Sloppy time entries by law firm lawyers vitiate insights from in-house review or analytical software
“To this day, we are surprised at how many lawyers delegate the coding of their time entirely to their administrative assistants without any attempt to ensure that the resulting output is accurate or useful.” These are the plaintive words of General Electric’s Brackett Denniston and Alex Dimitrief.who updated Bob Haig’s Successful Partnering chapter 14 on billing. Shocking, yes?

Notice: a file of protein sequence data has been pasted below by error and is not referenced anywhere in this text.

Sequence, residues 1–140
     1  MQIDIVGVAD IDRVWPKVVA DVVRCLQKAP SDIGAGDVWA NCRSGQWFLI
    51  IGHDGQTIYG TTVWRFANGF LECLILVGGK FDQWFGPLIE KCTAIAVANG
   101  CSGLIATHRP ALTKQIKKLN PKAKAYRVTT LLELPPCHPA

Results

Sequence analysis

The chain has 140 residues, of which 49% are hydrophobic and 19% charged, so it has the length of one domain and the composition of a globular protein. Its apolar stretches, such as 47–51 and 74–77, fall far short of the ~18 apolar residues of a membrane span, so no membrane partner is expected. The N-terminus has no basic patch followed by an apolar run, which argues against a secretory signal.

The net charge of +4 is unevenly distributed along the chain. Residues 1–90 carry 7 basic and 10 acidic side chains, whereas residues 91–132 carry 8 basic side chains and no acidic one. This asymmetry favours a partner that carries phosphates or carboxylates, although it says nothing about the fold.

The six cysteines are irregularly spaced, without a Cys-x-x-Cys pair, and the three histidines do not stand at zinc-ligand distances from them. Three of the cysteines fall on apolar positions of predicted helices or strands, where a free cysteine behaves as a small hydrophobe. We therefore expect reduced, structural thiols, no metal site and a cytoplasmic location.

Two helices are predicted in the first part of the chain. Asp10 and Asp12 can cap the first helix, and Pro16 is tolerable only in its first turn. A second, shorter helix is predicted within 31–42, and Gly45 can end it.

No, and let’s be blunt. If in-house lawyers who purport to review bills never slap the wrist of such careless lawyers, or lawyers who write their time entries but make little effort to provide useful information, the sloppy practices will continue. Why bother to detail what was done or the benefit of it if you are not paid to do so and if dereliction has no consequences?
Besides, if the reviewer of a bill spends much time at the level of individual time entries, and doesn’t attend mostly to the overall accomplishments in light of fees, the in-house lawyer is wasting time.